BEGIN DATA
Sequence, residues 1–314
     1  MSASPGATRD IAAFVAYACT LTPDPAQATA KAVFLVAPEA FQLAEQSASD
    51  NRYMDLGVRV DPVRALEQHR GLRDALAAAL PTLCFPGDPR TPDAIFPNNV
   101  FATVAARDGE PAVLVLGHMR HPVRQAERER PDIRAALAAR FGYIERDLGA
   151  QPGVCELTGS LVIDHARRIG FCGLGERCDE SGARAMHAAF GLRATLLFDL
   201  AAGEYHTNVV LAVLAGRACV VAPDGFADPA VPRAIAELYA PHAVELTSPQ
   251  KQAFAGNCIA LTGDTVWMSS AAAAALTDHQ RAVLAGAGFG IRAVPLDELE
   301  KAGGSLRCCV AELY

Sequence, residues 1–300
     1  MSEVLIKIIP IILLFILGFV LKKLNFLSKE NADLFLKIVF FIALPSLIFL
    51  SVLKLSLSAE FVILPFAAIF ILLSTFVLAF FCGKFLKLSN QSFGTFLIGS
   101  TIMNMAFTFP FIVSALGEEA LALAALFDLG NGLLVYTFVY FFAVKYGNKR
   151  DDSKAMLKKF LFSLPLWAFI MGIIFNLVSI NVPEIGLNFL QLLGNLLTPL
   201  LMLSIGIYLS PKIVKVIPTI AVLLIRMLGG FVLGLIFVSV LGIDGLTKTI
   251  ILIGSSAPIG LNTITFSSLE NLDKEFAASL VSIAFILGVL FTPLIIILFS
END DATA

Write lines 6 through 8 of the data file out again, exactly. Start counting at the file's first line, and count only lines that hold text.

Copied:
   201  AAGEYHTNVV LAVLAGRACV VAPDGFADPA VPRAIAELYA PHAVELTSPQ
   251  KQAFAGNCIA LTGDTVWMSS AAAAALTDHQ RAVLAGAGFG IRAVPLDELE
   301  KAGGSLRCCV AELY